I laugh a little at that title since the title of this blog is ‘There Is No Spoon…’, but this post has nothing to do with dining utensils. This post is about my (current) academic path. I know I want to do something in healthcare that will mesh well with sport. Well that’s A LOT of things. I’ve spent the last two weeks doing some research, and here’s what I’ve figured out…
- I’m getting my Kinesiology (sports science) degree, but that’s a broad field with a lot I can do. I’m also getting a Psychology degree, at some point in the future.
- Yea; I am a year from a RN degree. I found that out when I spoke to my advisor last semester. Cool; finally a degree, but there’s a lot of things in that career that don’t mesh well with me. One major one being failure. I see a patient dying as a failure, even if it’s a terminal, non-curable disease like cancer (speaking of…GO DONATE!!)I don’t do failure well, and it’s bound to happen on this path, and there won’t be a damn thing I can do about it. Not to mention really the only reason I was doing it was because I’s close to getting it.
- A few weeks back, my chiropractor/physical therapist doc asked me what I was going to do with my Kinesiology degree…I was speechless. Not a common thing for me. I had never thought about it. It’s always been about getting that embossed piece of paper. He made a comment, and I’ll paraphrase an edit language, but basically he told me, “…get a chiropractic/PT degree and come work for them.” Oh…yeah. I mean I didn’t open a book in A&P I, and muscles, bones, and connective tissue just clicked, so I finished with an 87. I’ve glanced at the cardiovascular system and respiratory (in A&PII) and it kinda clicked too. I watch people walk or swim or run and even if it’s the likes of Goucher or Rinny, the first thing I notice isn’t ‘Wow…I’m just going to follow them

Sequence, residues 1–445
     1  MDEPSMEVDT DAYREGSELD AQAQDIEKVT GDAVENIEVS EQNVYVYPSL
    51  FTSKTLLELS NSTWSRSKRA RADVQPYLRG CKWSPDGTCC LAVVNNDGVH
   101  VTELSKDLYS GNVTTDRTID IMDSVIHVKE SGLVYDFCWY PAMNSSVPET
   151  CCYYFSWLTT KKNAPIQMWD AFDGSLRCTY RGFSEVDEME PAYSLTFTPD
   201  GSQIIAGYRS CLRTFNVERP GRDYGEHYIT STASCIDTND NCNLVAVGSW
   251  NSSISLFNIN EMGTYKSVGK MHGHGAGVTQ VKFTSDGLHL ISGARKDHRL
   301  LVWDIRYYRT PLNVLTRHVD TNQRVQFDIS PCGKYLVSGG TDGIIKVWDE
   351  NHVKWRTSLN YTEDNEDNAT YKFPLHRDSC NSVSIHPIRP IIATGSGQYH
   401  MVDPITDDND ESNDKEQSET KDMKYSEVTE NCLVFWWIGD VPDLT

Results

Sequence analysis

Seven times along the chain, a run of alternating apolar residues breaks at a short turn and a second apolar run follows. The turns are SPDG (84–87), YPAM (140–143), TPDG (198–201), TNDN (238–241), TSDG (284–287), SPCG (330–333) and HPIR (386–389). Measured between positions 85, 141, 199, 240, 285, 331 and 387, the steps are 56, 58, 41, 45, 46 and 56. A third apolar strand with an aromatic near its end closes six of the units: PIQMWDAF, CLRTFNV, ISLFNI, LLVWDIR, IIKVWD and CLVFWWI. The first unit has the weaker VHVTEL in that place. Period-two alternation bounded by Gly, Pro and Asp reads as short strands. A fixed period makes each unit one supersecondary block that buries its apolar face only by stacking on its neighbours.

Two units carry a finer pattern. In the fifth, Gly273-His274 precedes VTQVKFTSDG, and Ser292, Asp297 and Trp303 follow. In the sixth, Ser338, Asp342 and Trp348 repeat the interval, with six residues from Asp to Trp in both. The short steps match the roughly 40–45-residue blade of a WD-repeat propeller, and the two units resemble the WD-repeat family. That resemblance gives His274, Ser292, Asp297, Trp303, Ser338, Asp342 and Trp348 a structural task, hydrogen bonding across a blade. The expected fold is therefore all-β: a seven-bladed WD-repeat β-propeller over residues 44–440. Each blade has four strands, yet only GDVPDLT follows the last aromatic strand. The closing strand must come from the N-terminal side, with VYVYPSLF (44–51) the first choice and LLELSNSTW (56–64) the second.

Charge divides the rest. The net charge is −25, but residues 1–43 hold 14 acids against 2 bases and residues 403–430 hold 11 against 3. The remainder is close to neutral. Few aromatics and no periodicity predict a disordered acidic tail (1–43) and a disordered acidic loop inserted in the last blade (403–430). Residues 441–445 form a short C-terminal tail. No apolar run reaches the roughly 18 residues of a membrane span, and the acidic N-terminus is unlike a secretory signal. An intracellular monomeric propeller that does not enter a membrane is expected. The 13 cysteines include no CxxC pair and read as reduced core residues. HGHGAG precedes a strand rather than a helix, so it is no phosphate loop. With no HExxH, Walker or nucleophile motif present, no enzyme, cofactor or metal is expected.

for the viewto pace myself.’ It’s always, “Look at that form. X, Y, and Z are perfect but Q could use some tweaking.That’s usually a biomechanical issue, something that strengthening X or lengthening Y would help. Or maybe there’s an old injury and so they have elaborate compensation patterns…” See what I mean? That’s how my brain works, so why not go the PT route?
- With the PT route, I work with injured athletes a lot. Injured athletes is usually a synonym for ‘angry/depressed athletes’. So I see things going like this…I help heal the physical injury, and the off-kilter mental state caused by the injury. That’s kinda perfect.
- Nurses/EMTs don’t really have ‘hours’ per say. Especially not ones they can control. I’m great at pulling all nighters to finish something, but I make sure I finish EVERYTHING I needed to do. If I’m stuck on shift, and I can’t do X, that’s going to freak me out. I’ll admit it; I’m a little controlling… And how am I supposed to go pro in the next 3-5 years if I’m missing sessions the way that the nurses and EMTs I spoke to would if they were triathletes?
- More importantly, I used my family and people I’ve allowed close to me as a sounding board for all these ideas. And I was patient in thinking about it.
- And MOST importantly, I’ve prayed about it. There was no big, clear, booming voice, I know sometimes I wish there were, but there was a whisper and a feeling pushing me the direction I’m supposed to go.
So with all that, I’m going after the PT route. I’m not sure what that means exactly yet, I’m waiting for a response from my advisor, but I do know that means no more Microbiology. It’s a fun course, but it’s a lot of things that I can’t seem to make stick in my brain mainly because I know I’ll NEVER use the info. It also means I’ll be taking Conceptual Physics and Medical Terminology in the summer. I think that’s pretty cool since I can see myself now thinking, “at a rolling resistance at x and wind resistance, divided by y watts, I can hit up to…’ or something like that as I fly down the hills again at Rev3 Quassy. Here’s a video of that I pulled from Rev3 Teammate Jamie Bull